Information About Aircraft


In the broadest sense, the term “aircraft” refers to all types of vehicles that fly within the atmosphere. The Federal Aviation Administration (FAA), in its Federal Aviation Regulations [6], defines an aircraft as “a device that is used or intended to be used for flight in the air”. 

Aircraft support their weight with the force derived from either static or dynamic sources. For example, a lighter-than-air balloon supports its weight with static buoyancy, while a heavier-than-air airplane generates aerodynamic lift, which balances its weight, due to the dynamic reaction of air flowing over its wings. 

➽ Introduction Of Aerospace Engineering

Classification of Aircraft

There are many different types of aircraft and a wide variety of ways that one could classify these different types. We could classify the different types of aircraft based on their geometric configuration, the type of propulsion, the mission or function, or other factors. Perhaps, a reasonable first distinction that we can make is between aircraft that are lighter-than-air and those that are heavier-than-air. 

Lighter-than-air aircraft include airships and balloons. We can further subdivide heavier-than aircraft into powered and unpowered aircraft, that is, aircraft with and without one or more propulsive devices or engines. Unpowered, heavier-than-air aircraft include gliders or sailplanes. 

Powered, heavier-than-air aircraft can be subdivided into aeroplanes, rotorcraft, and ornithopters, where the distinction between these different types of aircraft is based on their type of lift production. Aeroplanes have a fixed wing, which produces lift due to the air flowing over it. 

Rotorcraft encompass all heavier-than-air aircraft that generate lift from rotating wings or spinning rotor blades. Rotorcraft can be further divided into autogyro and helicopter. The autogyro has unpowered, free-spinning rotor blades, which require forward motion for lift production, whereas the helicopter has powered rotors that can produce lift even without forward speed. 

Ornithopters use flapping wings to generate both lift and thrust, similar to a bird. Many early would-be inventors of the first heavier-than-air aeroplane attempted to fly this type of flapping wing machine but without describe aircraft in the following sections. We start our discussion of aircraft with the fixed-wing aeroplane.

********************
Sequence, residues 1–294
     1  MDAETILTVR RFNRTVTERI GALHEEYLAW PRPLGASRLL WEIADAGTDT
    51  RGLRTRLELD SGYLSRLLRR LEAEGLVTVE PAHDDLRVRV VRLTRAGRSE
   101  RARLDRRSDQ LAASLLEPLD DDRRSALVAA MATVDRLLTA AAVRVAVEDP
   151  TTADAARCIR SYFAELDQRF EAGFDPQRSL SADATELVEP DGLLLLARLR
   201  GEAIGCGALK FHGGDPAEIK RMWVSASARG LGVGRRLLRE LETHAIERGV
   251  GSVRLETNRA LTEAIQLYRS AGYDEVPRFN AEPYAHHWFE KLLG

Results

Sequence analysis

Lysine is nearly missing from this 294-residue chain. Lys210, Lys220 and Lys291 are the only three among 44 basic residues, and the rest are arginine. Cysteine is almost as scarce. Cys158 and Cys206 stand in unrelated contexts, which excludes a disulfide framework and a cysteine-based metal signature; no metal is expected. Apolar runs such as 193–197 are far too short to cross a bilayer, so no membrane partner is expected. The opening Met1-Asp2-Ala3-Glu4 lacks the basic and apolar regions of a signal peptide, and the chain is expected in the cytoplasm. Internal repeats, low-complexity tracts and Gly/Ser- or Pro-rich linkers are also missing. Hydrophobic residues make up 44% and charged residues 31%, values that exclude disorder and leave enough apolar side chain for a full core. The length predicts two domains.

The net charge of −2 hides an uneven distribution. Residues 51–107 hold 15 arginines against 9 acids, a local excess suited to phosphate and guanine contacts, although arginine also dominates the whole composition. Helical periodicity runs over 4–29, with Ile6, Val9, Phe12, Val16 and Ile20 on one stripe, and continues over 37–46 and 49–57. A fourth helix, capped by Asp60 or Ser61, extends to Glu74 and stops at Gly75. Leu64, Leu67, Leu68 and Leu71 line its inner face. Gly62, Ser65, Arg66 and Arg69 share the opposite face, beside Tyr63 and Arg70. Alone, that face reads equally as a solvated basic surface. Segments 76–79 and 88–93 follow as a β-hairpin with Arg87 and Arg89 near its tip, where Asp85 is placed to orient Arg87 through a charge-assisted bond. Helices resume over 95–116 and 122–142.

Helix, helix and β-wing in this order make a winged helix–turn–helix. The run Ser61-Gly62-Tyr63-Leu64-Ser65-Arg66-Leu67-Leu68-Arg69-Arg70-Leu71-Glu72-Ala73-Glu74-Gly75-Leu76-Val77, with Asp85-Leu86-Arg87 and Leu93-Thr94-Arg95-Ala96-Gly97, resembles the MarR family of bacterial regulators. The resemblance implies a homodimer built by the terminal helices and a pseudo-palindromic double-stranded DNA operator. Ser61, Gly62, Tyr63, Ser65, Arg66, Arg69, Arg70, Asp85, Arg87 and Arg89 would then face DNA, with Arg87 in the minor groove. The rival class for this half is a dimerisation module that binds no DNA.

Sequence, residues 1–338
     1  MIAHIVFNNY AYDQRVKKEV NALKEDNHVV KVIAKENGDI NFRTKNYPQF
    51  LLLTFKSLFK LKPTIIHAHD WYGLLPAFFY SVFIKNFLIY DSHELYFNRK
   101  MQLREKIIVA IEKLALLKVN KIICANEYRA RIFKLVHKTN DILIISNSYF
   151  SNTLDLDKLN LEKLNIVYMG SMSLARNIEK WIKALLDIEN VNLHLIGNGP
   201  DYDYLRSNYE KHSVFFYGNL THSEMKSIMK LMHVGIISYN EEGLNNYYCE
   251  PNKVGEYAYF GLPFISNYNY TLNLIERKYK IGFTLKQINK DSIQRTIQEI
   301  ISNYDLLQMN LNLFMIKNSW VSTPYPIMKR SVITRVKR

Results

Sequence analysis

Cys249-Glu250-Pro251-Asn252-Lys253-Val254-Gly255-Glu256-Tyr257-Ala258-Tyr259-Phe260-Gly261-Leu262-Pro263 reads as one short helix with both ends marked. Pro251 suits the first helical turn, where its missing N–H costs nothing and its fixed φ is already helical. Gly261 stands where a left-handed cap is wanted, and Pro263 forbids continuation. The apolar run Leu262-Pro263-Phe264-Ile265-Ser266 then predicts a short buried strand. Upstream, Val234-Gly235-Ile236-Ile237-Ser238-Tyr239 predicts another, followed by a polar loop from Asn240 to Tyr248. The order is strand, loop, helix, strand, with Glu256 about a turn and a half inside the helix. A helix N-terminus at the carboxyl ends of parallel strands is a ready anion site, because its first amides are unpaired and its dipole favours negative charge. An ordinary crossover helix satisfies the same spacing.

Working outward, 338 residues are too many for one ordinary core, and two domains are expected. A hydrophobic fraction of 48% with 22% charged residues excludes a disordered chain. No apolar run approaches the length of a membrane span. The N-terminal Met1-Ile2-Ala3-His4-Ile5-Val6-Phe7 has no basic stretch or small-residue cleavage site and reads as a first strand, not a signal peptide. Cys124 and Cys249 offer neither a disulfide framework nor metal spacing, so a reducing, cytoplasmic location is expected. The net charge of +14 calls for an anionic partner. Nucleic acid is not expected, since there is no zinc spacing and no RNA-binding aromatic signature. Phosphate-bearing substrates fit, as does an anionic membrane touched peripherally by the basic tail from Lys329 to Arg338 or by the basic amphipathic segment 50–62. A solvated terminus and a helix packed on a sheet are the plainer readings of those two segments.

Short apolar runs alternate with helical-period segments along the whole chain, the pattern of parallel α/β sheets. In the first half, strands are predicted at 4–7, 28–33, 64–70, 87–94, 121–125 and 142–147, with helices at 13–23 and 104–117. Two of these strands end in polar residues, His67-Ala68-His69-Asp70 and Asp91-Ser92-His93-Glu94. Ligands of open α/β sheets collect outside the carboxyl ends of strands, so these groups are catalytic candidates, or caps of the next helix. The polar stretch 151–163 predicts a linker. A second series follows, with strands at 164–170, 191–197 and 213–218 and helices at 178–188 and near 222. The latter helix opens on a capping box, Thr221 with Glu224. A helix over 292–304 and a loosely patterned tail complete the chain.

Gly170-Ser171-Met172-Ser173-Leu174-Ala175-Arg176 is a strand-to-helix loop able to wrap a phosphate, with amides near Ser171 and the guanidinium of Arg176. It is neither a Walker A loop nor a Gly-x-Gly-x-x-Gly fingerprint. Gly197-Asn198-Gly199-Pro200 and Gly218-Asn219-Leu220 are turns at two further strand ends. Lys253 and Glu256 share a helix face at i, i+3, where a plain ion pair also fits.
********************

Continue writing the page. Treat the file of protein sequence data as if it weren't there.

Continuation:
The Airplane 

Since most of us have grown up in a time where aeroplanes are commonplace, it's difficult to imagine that we do not know what an aeroplane is “supposed to look like”. However, if we were living in the late 1800s, before the first successful flight of a heavier-than-air machine, we would probably be influenced by nature, and think that aeroplane flight should mimic bird flight. 

Some of the early aviation enthusiasts took this to the extreme, attempting to construct flyable ornithopters. Other early aviation pioneers carefully observed bird flight, trying to understand nature's secrets about flight. 

There are now many variants of what an aeroplane looks like, but there are several common fundamental engineering aspects to heavier-than-air flight that have made it successful. We Will see examples of this in the design and successful flight of the first aeroplane.

The First Airplane

             Unmanned, kite-like gliders from 1901 (left) and 1902 (right) 

At the beginning of this chapter, the iconic photograph of the first controlled, sustained flight of a heavier-than-air, powered aeroplane was presented. This first flight was the culmination of years of hard work by two brothers from Dayton, Ohio: Orville (1871–1948) and Wilbur (1867–1912) Wright. 

The brothers followed a logical and systematic approach in the design, construction, and flight test of their powered aeroplane. They critically reviewed much of the existing technical information and data relevant to aeronautical theory and aircraft design. 

In several important areas, the Wright brothers determined that the state-of-the-art information and data were not adequate or were incorrect, so they performed their own, independent analyses and tests to obtain what they needed. An example of this is the designs of the airfoil shapes for their wings and propellers, which were based on data that they collected using a wind tunnel of their own design.